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Is there genuine desire for peace in the deep south?

Publication Date : 01-11-2012

 

In less than two weeks, foreign ministers from member countries of the Organisation of Islamic Conference (OIC) - wherein Thailand has permanent observer status - will gather in the northeast African country of Djibouti to discuss strategies to promote peace and mutual development and strengthen cooperation.

The conflict in the southernmost Thai provinces of Pattani, Yala and Narathiwat will be on the agenda again, and Bangkok is struggling to get the OIC Secretariat to tone down the discussion for fear that the country will lose face in the international community.

But with or without OIC discussion and criticism of the issue, Bangkok has lost face for much of the past decade, ever since the current wave of Malay-Muslim separatists resurfaced to take up arms against the state.

Publicly, Thai officials and diplomats have always insisted that they are on the right path toward resolving this internal conflict, and have dismissed all offers of help from outsiders, including the OIC.

But after eight years of saying the same thing, Thai officials and diplomats are now admitting that the official line - the one that accuses the insurgents of embracing a wrong version of history and a false teaching of Islam - has become increasingly embarrassing. More to the point, it is somewhat arrogant for Buddhists to tell Muslims how to be good Muslims.

Secret talks held since 2005 with exiled separatist leaders have not produced the desired outcome because our political leaders have not backed our officials with full political commitment. Notice how every time news about these secret talks becomes public knowledge, our policy-makers immediately pour cold water on it?

The OIC granted Thailand permanent observer status in 1998 during the Chuan Leekpai government, which believed it was important to build stronger ties with the Islamic world. Granting of that status was seen as a stamp of approval from the OIC as to how Thailand treats it Muslim minority. But relations between Thailand and its Muslim citizens have never been a problem. Thai Muslims have never challenged the legitimacy or sovereignty of the Thai state. The Malays in the deep south have.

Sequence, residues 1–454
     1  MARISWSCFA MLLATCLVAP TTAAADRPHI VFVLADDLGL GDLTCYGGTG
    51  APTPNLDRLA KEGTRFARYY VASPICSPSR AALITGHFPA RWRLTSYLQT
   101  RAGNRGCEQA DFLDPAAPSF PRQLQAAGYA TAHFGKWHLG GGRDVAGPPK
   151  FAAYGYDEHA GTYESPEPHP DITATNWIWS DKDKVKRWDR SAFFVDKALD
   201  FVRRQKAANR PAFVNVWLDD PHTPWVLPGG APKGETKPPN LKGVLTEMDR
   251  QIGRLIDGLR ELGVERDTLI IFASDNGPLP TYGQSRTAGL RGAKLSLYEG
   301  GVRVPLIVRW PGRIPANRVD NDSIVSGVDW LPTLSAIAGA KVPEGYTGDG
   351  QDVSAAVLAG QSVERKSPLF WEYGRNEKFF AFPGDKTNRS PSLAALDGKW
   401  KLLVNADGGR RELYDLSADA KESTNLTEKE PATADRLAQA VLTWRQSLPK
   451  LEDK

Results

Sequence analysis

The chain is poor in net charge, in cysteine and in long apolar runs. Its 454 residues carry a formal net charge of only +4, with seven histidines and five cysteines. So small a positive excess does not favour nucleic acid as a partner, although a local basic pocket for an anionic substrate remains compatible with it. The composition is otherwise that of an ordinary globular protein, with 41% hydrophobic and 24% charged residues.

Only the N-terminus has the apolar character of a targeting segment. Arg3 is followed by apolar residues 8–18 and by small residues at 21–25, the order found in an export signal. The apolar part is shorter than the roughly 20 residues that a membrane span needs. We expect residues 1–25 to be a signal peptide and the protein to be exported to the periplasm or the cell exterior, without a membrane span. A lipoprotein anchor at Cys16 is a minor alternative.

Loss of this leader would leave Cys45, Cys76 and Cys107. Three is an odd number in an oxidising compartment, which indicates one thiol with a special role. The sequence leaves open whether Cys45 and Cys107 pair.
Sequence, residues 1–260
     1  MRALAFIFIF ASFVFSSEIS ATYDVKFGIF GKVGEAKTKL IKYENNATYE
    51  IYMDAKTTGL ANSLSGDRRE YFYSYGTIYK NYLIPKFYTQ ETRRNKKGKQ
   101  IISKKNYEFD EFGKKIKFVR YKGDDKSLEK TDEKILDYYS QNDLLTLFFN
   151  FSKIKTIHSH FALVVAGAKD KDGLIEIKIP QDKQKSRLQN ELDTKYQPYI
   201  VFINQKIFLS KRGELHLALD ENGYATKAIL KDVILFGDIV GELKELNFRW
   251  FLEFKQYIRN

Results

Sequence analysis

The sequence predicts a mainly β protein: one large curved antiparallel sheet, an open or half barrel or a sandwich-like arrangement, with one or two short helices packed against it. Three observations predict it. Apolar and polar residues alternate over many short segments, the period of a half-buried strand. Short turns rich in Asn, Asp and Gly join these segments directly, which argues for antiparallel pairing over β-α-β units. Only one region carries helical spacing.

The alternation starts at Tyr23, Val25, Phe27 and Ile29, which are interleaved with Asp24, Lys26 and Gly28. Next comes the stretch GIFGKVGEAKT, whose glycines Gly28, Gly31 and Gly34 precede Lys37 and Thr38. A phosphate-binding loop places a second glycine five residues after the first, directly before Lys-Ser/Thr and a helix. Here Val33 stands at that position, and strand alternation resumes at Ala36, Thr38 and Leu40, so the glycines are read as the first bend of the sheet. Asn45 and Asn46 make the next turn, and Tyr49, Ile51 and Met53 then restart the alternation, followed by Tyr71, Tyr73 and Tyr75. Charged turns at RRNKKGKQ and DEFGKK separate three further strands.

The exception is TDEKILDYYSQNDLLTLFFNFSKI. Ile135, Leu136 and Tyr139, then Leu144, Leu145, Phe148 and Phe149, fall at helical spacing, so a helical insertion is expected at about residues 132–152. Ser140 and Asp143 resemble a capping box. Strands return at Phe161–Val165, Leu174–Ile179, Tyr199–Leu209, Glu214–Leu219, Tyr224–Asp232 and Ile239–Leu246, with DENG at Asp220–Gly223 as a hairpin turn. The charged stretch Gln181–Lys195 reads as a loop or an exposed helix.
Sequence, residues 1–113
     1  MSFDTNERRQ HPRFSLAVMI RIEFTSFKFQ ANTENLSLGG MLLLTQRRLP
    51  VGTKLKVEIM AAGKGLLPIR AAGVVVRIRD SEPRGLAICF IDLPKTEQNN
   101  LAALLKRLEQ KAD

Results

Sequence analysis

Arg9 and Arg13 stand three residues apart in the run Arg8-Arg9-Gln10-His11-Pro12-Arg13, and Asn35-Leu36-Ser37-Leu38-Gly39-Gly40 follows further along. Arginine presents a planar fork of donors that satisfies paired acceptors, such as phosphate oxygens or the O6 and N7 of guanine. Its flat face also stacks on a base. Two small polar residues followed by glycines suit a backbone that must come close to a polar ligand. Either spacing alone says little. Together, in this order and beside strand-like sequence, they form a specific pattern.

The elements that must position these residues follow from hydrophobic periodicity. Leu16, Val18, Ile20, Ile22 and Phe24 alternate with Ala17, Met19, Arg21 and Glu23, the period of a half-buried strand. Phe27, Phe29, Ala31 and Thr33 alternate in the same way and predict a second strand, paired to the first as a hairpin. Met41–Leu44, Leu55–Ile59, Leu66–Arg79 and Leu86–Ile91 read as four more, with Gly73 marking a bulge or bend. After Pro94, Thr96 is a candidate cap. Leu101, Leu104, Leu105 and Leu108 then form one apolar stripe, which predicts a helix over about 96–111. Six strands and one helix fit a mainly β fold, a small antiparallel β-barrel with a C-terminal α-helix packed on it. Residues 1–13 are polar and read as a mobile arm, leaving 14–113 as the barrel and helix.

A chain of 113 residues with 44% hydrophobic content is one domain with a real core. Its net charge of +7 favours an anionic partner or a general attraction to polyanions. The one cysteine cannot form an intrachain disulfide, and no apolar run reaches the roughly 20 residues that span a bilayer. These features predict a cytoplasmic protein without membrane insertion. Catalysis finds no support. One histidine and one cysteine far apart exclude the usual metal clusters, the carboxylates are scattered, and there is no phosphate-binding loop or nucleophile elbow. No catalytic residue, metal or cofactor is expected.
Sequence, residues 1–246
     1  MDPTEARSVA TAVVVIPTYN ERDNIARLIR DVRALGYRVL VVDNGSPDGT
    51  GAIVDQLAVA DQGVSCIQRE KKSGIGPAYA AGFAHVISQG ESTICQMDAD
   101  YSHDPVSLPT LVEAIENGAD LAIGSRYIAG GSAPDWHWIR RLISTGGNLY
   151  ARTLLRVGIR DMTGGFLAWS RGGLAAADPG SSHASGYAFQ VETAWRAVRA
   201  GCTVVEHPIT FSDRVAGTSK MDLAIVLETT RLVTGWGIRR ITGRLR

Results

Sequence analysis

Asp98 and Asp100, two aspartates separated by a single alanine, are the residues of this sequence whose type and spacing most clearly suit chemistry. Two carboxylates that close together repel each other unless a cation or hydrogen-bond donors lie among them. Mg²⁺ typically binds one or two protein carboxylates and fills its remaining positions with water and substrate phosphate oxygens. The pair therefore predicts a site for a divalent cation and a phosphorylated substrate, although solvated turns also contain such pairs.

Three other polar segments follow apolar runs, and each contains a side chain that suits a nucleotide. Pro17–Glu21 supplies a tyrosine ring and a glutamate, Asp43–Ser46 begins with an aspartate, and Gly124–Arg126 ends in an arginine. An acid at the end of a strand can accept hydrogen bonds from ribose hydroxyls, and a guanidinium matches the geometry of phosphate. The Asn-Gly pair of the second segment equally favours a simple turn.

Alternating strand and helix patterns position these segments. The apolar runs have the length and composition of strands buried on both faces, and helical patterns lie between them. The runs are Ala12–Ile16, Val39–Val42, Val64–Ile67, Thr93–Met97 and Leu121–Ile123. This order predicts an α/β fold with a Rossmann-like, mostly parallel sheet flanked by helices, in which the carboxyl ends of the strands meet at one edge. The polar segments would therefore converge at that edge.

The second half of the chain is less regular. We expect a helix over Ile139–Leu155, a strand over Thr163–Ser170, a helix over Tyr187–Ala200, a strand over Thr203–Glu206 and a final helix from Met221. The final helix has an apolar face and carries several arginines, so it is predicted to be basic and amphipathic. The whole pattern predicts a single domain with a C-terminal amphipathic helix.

Apparently the OIC took a big leap of faith in 1998, believing that the Malays of Patani had come to terms with their place in Thailand's nation-state and that historical resentment and mistrust of Siam/Thailand - feelings that feed into the separatist narrative - had subsided. Sad to say, the most significant outcome from the OIC observer status was Thailand using it to block Patani-Malay separatist movements from obtaining the same status at the organisation.

With more than 5,000 insurgency-related deaths since January 2004, it is safe to say that the country, and the world for that matter, have underestimated the cultural narrative and the historical resentment of the Patani-Malays towards the Thai state. Thai officials often argue that it is only a handful of people who have taken up arms. What they won't say is that there is a vast network of support in the region for the insurgents. Few villagers ever step up to identify the young men who bury roadside bombs or carry out ambushes.

Hard-pressed to score political points, Thai security and military officials have in recent months decided to carry out staged "surrenders" of those they claim to be part of the armed movement. All the while, insurgent attacks are becoming more violent, forcing political leaders in Bangkok to put on a brave face when in fact they are really dancing to the militants' tune.

The OIC has over the past decade tried to mediate between Thailand and the separatists, but Bangkok continues to give it the cold shoulder. Even leaders of the long-standing separatist movements say they never had much faith in the OIC because the organisation had given Bangkok the status they covet themselves. Besides, they don't think an organisation like the OIC, made up of 57 states and a handful of international organisations, can sympathise with non-state actors like them.

The OIC has been paying lip service to the idea of peace for the past three decades, but is not willing to put serious pressure on Thailand to push for change. For it to be taken seriously, and if it really cares about the Malay-Muslims in southern Thailand, the OIC will have to go beyond this and show some serious commitment to fostering peace.


 

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